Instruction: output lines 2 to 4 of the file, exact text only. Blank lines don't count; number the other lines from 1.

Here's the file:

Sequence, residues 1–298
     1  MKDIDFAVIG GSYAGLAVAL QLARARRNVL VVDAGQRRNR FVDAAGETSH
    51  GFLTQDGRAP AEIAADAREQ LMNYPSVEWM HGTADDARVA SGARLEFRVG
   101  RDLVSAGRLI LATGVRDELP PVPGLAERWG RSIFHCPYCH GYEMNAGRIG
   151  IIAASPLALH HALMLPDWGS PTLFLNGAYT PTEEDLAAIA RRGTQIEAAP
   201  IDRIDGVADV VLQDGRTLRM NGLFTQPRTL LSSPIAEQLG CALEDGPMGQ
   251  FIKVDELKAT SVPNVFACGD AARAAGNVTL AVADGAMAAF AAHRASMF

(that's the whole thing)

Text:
     1  MKDIDFAVIG GSYAGLAVAL QLARARRNVL VVDAGQRRNR FVDAAGETSH
    51  GFLTQDGRAP AEIAADAREQ LMNYPSVEWM HGTADDARVA SGARLEFRVG
   101  RDLVSAGRLI LATGVRDELP PVPGLAERWG RSIFHCPYCH GYEMNAGRIG